Photo: Joanna Heller
Baby Bok Choy and Kale
As the weather cools, shift from salad to sauté
BY MAGAZINE COLUMNIST JOANNA HELLER
This is a delicious and easy dish for any meal. As the weather cools, warm greens start to be very appealing and tend to replace some of the raw ones for some of my meals.
My favorite greens for this dish are baby bok choy and kale. The bok choy is juicy, quite mild and a bit lemony, and the kale has a stronger flavor. It’s a great mix.
The greens cook down quite a bit, and depending on appetite, these quantities will do for a main dish for two or a side dish for three or four. Do I know how much you like to eat? Test it out. Leftovers are fine!
Sautéed Mixed Greens
3 or 4 large kale leaves
6 baby bok choy leaves
2 TB olive oil
2-3 garlic cloves
a squeeze of lemon, if you like
red pepper flakes, if you like
Use a 10-inch fry or sauté pan with a cover for this dish.
Prepare the greens Take about three or four large kale leaves, cut or tear the leaves off and discard the stems as they are quite tough. Slice the leaves into strips. Then take maybe six baby bok choy leaves including the stems. These stems are crunchy and juicy. Wash and cut the bok choy into bite-size pieces. Wash all the greens and let them drain but don’t bother spinning them. A little water is no problem.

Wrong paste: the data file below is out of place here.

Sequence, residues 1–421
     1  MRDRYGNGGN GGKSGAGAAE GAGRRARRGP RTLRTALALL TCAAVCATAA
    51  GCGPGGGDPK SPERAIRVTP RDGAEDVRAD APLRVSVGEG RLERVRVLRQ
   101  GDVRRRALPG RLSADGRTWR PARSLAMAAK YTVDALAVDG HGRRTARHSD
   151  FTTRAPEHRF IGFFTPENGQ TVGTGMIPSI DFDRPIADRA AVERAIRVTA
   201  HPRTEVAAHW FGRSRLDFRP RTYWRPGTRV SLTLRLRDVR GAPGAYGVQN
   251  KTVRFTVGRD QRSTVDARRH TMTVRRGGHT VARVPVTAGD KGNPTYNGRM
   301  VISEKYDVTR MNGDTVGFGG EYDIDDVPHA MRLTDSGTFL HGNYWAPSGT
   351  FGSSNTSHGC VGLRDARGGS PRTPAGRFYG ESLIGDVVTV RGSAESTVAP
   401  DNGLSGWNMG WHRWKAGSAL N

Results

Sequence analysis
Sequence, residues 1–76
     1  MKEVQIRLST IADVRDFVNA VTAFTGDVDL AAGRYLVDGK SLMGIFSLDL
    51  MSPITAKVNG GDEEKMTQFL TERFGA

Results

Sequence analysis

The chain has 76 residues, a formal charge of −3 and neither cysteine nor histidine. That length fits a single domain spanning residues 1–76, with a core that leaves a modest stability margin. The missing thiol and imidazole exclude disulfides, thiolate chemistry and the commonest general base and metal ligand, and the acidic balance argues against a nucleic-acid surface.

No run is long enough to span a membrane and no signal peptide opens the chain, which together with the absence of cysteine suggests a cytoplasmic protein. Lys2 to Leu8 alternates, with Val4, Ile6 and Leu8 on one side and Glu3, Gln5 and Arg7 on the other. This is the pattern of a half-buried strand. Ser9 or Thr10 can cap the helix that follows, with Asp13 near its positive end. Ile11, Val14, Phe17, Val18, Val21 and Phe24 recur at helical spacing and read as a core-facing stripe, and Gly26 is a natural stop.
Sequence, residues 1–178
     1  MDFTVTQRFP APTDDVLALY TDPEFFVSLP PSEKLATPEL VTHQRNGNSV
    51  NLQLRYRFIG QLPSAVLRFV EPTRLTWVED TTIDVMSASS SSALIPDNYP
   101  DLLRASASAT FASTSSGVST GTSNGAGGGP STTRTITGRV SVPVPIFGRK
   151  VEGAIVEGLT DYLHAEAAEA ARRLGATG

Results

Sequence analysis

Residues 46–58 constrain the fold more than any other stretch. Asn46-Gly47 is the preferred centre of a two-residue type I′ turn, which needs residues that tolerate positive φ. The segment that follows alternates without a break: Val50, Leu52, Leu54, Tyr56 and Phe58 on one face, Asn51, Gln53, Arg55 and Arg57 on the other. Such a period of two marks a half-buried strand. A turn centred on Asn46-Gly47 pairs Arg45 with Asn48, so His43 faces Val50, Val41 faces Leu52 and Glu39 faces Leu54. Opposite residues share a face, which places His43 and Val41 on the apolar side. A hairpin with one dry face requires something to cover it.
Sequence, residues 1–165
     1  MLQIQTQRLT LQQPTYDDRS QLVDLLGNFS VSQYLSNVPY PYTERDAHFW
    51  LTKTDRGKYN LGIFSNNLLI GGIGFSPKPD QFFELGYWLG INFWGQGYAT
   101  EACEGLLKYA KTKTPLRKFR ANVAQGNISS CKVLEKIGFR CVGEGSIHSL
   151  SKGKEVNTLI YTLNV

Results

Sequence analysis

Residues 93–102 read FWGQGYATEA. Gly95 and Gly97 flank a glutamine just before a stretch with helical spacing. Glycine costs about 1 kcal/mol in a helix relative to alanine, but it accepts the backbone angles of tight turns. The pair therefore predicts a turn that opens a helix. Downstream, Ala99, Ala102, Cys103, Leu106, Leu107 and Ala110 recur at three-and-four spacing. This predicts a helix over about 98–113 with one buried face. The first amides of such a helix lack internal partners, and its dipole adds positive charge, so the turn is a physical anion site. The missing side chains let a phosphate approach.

Sauté the greens Add about two tablespoons of olive oil to the pan and let it warm over low heat until it starts shimmering. Slice and add two or three garlic cloves (you know, ‘to taste’) and sauté gently for a few minutes. Don’t go do an errand! You want to add the greens to the pan after the garlic starts to soften but before the garlic burns. A slight tan is fine. Add all the greens and cover the pan. When the greens start to wilt (five minutes or so), stir them around and cover again for a few minutes.
Finish cooking and season to taste Ten minutes in all is plenty of cooking time. If they seem watery, leave them uncovered for the last few minutes of cooking. Test a bok choy stem piece. Since both of these greens are fine eaten raw, you get to decide how far to go. Undercooked is better than overcooked. Sprinkle with sea salt and a bit of lemon juice if you like. If you enjoy heat, add some red pepper flakes.
Make it a meal Add cooked pasta in any proportion you like after the greens start to wilt and stir it all together.
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© 2011, The Magazine of Yoga, LLC.